How to Fix Your Posture: Shoulders Rounded Forward

Posted December 14, 2022 in Health, Your Questions 4 Comments »
Your Questions

I get plenty of questions in various comments throughout the website, but I also get comments and questions via the Project Swole Contact Form. In particular, this topic of how to fix your posture is intriguing to investigate from a fitness programming standing for myself and for all athletes.

Generally, I address those questions through e-mail, but often I do not have the time to reply to each and every question personally.

The category, Your Health Questions is a more proactive approach to answering your questions so that everyone can benefit from the Q & A.

Dick wrote:

“I need to concentrate on the rear head of my shoulder.

I think I have overtrained the front head with all the benching and what not.

Someone told me my shoulders stick out of the front which wouldn’t be a problem if they stuck out of the back too.

What work out should I use to build them up?”


If all you do for work is sitting down, you probably have tight pecs from slouching and tight hip flexors from sitting.

If all you do for exercise is bench pressing, you probably have tight, over-developed pecs and front delts, and under-developed lats (back) and rear delts.

These conditions will facilitate injury and make you look like a neanderthal ogre.

How to Fix Your Back

posture comparison

You need to stop benching so frequently and start training your whole body. A generic full-body workout routine would be fine. You should stick with it for at least 2 months, focusing on the back and legs in addition to, and with priority over, the chest and shoulders.

Your top priority should be to bring your back up to speed. Dumbbell and barbell rowing will be vital to your progress, although pull-ups and chin-ups are great too.

You should be able to barbell row as much as you can bench press or at least 90%. If you can bench 250 for 5 reps, you should be able to row 225 for 5 reps.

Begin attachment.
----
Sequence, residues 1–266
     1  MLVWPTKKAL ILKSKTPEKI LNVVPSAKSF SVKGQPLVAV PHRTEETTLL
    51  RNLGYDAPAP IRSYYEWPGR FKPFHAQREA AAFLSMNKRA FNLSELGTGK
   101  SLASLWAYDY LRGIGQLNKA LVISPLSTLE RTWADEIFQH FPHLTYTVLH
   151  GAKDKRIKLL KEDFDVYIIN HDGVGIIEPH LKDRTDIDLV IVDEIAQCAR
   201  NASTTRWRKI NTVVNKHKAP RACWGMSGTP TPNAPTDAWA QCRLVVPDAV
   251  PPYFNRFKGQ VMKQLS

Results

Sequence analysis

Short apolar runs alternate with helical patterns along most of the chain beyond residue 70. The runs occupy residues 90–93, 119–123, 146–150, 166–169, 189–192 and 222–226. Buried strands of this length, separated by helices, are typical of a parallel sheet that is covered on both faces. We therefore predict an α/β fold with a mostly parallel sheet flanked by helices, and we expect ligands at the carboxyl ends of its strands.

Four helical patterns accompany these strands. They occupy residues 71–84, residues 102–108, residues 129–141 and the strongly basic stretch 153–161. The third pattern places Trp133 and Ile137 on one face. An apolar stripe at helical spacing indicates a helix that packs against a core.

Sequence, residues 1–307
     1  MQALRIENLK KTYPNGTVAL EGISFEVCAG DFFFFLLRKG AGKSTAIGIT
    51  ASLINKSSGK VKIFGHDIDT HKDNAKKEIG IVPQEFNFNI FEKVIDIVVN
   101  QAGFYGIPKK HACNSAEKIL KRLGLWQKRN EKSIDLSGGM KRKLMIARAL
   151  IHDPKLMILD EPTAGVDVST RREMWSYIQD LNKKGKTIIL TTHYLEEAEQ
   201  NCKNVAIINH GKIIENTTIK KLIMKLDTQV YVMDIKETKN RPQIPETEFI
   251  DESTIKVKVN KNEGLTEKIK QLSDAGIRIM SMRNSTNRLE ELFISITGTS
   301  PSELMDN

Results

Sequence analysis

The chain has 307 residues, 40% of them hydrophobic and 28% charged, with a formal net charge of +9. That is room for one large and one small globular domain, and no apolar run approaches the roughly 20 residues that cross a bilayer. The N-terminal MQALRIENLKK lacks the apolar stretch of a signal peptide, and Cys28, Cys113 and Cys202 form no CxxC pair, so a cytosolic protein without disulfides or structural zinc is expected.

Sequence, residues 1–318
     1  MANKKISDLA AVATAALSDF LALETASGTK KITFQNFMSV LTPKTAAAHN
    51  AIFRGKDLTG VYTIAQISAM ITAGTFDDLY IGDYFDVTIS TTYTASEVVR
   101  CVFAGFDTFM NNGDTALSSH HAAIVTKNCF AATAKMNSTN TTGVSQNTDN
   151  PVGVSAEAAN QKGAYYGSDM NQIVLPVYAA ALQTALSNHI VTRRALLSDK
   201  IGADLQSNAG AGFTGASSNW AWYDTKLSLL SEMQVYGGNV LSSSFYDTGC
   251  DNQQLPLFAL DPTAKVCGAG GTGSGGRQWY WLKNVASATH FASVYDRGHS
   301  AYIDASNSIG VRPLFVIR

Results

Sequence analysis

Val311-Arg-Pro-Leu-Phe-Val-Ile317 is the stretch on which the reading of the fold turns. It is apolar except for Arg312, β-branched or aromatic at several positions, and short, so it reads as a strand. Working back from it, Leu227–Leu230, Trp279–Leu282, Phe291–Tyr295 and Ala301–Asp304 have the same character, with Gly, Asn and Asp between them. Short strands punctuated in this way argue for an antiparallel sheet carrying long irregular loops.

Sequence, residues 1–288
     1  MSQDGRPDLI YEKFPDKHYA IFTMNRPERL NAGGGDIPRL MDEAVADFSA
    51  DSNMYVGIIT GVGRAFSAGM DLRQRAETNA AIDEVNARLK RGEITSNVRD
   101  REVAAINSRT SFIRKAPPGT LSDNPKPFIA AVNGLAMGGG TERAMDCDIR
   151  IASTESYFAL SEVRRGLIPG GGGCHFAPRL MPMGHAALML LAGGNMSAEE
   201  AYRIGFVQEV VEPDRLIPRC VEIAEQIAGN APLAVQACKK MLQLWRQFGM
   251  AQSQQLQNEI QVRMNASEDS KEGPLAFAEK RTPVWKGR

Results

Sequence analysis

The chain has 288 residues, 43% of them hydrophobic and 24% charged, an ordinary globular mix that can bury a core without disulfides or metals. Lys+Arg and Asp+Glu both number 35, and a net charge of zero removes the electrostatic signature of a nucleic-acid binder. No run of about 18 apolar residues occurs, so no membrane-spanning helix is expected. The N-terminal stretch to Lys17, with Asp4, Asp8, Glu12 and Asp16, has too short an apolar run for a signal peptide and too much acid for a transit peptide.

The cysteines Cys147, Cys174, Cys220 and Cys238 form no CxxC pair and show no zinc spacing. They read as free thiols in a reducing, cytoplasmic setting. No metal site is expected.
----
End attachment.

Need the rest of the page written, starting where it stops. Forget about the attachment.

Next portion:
One of the great side effects of having a strong back is having a strong chest. You can bet that your bench press will actually increase once you have increased your rowing strength.

Now go do heavy bent-over barbell rows like it’s your job.

How to Fix Your Legs

I am willing to be that you also neglect training your legs, which is fine if you want women on the beach to laugh at your chicken legs. Stick to the full-body workout routine by training your back and legs!

Squats, deadlifts, lunges, and sprints will be hugely beneficial to your progress. You will also be surprised by the improvements in your upper body strength development once you have a solid lower body. When you fix your posture you will notice all major muscle groups improve, even if just slightly.

Furthermore, stop laying down to exercise. The reality is that nearly every muscle can be trained from a standing position. Granted, some exercises require us to lay on a bench, but the idea is that if your upper body can be perpendicular to the floor during the exercise, you should probably be standing.

Now go do some deadlifting as if your life depends on it.

How to Fix Your Shoulders

All the rowing that you will do in the coming months will pull your shoulders back and add some meat to your rear delts. You don’t really have to do much else with your shoulders to fix your posture.

However, if you want one exercise that will focus exclusively on the rear delts, you should check out reverse dumbbell flies. But before you do that, make sure you are rowing!

I will let this chick who can most likely kick your ass, show you how to do them:

Here are a couple of great habits that you can develop in order to help your body maintain a healthy posture til the day you die.

Consciously maintain a healthy posture all day long. Throughout the day whether sitting or standing, your chin and chest should be out and up, your shoulders should be pulled back, and your upper body should be straight. Think about pulling your belly button in to touch your spine from time to time – it will help train the transverse abdominus to keep your core compact and straight.

Stretch for 10 minutes after each workout too. Focus at first on your pecs, hips, quads, and shoulders, as they are probably WAY over-tight, but be sure to stretch your whole body as often as possible. Give foam rolling a try if you have a particularly tight or slightly injured area.

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4 Responses to “How to Fix Your Posture: Shoulders Rounded Forward”

  1. […] How to Fix Your Posture: Shoulders Rounded Forward ( Related Posts […]

  2. The entire time i was reading this post i kept thinking one of my co-workers. He is the textbook example of too much bench, and not enough of everything else. His shoulders are constantly bowed forward and his forearms are always swinging far out by his side. I just laugh every time i see him. 🙂
    Some people have it in their head that the Bench Press is the Number One Exercise and if they do just that they will be the strongest person alive. I train my legs and back 3 times harder than my chest, and my posture has improved dramatically compared to before i started working out. I had lazy ass computer chair back! lmao

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